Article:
Opposition Treasury spokesman Jim Chalmers is sending a vital signal: the 2019 election big-spending, big-taxing Shorten agenda has to change.
The Conservative Party has welcomed the news saying big-government socialism has no place in modern Australia.
The Australian reports, Labor needs to recognise that it’s not just a matter of dumping or tweaking unpopular tax policies, such as the proposals on franking credits or negative gearing, but of making a wholesale change in philosophy back to the centrist economics of the Hawke-Keating years.
This is Chalmers becoming his own man, moving out from under the shadow of Wayne Swan and the Rudd government, turning down leadership deals to be tied directly to anyone from the Shorten era, and reconnecting to realistic, centrist economic management of successful Labor where billion-dollar promises have a political price.
Labor lost the election because voters believed they would be taxed to the tune of $378 billion but didn’t believe that they would get the billions in services Bill Shorten promised almost daily during the election campaign.
What’s more, Scott Morrison, in appealing to Labor’s base of tradies, middle-income earners and aspirational voters, successfully campaigned by declaring that people just didn’t believe politicians who promised to spend big and solve every problem.
As well, the Prime Minister, despite pressure and false claims of billions in cuts to spending on health and education, maintained an austere, orthodox economic approach aimed at growth creating jobs and wealth.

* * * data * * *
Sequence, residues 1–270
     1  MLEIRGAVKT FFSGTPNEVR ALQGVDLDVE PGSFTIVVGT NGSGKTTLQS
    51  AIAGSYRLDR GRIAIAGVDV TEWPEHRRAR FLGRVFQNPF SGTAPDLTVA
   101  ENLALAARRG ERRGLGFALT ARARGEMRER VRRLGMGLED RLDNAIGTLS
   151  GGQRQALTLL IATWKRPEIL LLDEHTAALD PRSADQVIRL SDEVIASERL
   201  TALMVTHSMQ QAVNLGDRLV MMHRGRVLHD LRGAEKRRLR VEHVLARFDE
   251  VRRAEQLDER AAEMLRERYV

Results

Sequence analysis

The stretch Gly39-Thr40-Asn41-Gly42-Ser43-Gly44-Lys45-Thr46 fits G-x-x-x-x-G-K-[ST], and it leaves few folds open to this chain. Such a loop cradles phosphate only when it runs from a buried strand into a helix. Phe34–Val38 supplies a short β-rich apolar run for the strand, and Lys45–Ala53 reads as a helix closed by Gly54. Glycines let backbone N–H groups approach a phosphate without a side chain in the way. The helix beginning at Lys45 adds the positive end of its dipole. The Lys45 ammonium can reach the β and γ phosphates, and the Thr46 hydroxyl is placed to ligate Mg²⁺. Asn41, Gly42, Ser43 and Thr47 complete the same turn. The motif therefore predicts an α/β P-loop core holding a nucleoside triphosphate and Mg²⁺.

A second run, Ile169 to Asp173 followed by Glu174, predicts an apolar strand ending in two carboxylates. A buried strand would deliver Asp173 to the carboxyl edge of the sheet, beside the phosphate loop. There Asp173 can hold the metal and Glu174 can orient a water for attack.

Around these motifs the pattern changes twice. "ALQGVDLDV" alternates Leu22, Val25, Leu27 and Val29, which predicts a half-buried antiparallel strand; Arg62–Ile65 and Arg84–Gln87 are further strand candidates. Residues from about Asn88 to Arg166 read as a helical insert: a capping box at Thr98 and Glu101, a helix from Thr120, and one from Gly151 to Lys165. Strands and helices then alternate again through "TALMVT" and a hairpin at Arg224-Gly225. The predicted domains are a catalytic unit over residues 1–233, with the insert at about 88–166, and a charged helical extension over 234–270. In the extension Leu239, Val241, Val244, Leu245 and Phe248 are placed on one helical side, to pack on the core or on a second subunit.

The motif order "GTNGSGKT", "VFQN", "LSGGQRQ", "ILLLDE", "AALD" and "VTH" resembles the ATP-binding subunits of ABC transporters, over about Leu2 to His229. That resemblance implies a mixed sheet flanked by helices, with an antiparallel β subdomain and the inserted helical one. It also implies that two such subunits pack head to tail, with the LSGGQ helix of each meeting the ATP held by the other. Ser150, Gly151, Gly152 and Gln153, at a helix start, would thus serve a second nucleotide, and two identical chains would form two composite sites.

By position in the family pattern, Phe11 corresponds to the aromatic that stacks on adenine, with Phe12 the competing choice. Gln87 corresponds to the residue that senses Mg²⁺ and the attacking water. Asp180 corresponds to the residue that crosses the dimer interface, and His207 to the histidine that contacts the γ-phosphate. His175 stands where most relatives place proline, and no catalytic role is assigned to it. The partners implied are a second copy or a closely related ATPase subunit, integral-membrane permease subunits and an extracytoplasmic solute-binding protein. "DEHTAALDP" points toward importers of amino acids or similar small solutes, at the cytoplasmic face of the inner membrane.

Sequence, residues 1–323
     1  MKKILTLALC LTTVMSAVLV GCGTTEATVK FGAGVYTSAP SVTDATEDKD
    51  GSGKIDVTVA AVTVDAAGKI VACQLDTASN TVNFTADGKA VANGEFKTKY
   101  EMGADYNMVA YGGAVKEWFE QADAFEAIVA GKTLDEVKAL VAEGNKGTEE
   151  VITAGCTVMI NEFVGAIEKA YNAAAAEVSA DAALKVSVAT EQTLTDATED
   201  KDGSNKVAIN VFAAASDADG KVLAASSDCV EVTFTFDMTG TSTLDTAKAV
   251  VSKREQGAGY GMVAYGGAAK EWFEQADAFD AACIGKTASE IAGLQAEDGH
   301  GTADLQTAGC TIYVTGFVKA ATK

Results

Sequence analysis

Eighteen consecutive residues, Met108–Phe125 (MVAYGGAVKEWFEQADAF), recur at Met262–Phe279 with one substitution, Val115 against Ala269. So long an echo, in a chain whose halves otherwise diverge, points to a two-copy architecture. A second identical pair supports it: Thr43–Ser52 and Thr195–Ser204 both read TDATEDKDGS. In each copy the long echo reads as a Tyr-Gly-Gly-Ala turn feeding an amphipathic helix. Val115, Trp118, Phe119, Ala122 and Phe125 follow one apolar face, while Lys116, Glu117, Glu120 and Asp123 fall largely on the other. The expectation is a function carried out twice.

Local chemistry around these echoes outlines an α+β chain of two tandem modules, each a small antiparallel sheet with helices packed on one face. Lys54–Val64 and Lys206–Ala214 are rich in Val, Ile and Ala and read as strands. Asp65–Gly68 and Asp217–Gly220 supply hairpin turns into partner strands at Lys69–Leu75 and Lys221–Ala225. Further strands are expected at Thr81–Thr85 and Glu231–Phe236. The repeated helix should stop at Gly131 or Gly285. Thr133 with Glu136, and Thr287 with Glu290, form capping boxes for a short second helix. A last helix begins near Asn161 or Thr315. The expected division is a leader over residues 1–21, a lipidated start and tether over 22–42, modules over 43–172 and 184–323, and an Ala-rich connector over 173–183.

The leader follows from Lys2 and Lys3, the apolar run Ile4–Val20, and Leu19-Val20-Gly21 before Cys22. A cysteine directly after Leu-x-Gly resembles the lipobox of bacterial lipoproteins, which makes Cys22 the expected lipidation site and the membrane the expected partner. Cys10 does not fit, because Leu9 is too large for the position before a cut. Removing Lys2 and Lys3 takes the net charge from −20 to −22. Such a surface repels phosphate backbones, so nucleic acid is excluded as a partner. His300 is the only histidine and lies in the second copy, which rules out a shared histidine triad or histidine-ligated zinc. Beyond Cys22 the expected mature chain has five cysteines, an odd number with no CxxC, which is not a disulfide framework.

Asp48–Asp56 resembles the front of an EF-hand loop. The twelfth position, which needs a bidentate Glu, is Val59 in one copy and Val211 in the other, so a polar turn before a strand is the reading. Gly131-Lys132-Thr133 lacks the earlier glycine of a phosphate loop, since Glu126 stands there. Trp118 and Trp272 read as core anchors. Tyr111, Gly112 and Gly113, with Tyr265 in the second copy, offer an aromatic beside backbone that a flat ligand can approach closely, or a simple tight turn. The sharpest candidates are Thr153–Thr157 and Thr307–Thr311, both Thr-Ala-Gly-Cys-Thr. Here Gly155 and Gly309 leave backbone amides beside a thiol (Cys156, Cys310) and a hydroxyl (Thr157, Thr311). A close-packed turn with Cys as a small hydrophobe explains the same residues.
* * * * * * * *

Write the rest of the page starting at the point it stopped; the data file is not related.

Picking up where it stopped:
Across the nation people accepted this reality and rejected Shorten’s nirvana of wealth redistribution and debt and deficit reduction without spending controls.
On the one hand, what Chalmers is saying is just common sense – if Labor changes its tax plans, it has to change its spending plans accordingly.
“If we don’t end up taking the exact same tax policies to the next election that we took to the last one, then it is entirely reasonable to assume we will have to recalibrate our spending plans too,” he said yesterday.
On the other hand, although no decisions have been taken, Chalmers is flagging a “radical” shift for Labor back to the centre, back to the idea that workers benefit most from having a job, wages are strongest during a strong economy without government subsidies and the “sharing of the pie” envisaged by Bob Hawke, Paul Keating and Bill Kelty in the 1980s and 90s works best when the pie is bigger.